Wednesday, June 08, 2005

Swimming against the stream

From the Scotsman: The gentleman that penned this article, as well as being a some-time education journalist, is a fellow Modern Studies teacher. He was at St. Paul's in Glasgow where the head teacher pioneered the streaming of classes from first year. He writes:
"Last June, numerous articles appeared in the national press claiming the streaming experiment to be a great success in raising SQA attainment, an odd claim given the national examination results of the first classes to have experienced streaming wouldn't be known until August."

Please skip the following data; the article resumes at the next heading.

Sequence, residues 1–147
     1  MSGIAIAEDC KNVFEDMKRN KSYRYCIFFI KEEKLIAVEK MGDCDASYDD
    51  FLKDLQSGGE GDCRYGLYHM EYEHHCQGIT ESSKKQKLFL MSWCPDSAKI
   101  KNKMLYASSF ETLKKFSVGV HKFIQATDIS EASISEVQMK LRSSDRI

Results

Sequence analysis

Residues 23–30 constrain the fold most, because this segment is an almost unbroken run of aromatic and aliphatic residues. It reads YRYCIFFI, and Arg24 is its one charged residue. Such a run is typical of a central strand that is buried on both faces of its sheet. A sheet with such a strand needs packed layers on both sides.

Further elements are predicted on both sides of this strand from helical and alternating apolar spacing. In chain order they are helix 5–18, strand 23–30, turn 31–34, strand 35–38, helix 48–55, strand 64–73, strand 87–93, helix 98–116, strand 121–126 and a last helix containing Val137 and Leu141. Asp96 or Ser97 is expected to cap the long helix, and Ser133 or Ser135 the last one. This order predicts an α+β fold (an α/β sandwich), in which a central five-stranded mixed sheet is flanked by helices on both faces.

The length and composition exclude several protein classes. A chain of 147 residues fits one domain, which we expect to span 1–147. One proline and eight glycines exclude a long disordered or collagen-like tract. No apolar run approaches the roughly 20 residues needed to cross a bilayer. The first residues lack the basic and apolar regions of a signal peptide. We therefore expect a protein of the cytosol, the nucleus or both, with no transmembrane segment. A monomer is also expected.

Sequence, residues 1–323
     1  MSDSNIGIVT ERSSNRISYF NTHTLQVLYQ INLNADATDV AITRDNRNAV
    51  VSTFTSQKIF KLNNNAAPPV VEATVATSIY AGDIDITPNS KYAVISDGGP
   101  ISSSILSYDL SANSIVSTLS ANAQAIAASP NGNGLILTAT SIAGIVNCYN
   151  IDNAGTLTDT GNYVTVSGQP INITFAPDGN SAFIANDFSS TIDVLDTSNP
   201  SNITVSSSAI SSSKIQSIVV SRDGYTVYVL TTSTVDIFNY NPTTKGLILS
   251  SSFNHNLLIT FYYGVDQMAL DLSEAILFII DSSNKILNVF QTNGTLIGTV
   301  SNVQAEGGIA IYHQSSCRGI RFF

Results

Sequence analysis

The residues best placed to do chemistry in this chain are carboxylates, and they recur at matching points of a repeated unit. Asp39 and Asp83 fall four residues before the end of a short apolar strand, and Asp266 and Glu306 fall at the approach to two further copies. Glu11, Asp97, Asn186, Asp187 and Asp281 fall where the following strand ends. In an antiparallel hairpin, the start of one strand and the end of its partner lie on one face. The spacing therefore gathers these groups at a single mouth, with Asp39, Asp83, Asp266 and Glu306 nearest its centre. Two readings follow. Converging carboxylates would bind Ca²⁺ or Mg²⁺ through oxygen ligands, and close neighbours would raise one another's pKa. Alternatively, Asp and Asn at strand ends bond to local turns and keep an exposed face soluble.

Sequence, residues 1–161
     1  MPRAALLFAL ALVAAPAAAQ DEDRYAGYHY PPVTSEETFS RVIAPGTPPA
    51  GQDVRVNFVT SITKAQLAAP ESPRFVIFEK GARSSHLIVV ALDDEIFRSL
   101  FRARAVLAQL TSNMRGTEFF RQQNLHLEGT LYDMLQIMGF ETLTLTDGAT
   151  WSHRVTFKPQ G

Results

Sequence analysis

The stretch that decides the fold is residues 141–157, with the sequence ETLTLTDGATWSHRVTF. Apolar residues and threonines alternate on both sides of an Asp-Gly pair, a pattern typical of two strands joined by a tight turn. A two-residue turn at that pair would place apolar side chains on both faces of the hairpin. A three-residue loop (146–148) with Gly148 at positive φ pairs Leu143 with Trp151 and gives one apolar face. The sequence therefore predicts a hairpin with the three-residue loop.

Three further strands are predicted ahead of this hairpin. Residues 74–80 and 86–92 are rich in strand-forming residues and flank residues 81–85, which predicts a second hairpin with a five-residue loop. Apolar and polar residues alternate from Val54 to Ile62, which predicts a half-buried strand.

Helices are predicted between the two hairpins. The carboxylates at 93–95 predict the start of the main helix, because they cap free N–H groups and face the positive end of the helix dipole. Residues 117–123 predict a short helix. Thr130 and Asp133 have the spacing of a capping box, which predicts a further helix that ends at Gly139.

He goes on to say that he wrote to the press in his capacity as an EiS representative "pointing out that assertions that streaming was the panacea for poorly performing schools were premature. Unsurprisingly, the messenger was shot."

Indeed - but if the full story I heard about this is correct, Hugh's missed out the best bit : the head teacher of the aforementioned school went on to a radio talk show to hail the success of the streaming policy. One caller phoned up to say that he taught at the same school as the talk show guest and that his claims were bollocks for the reasons outlined above. Guess who that was? Everyone found it very amusing - except, of course, Rod O'Donnell, the head teacher of St. Paul's.

Hugh applied for a voluntary transfer. It won't surprise you to learn that the directorate agreed.

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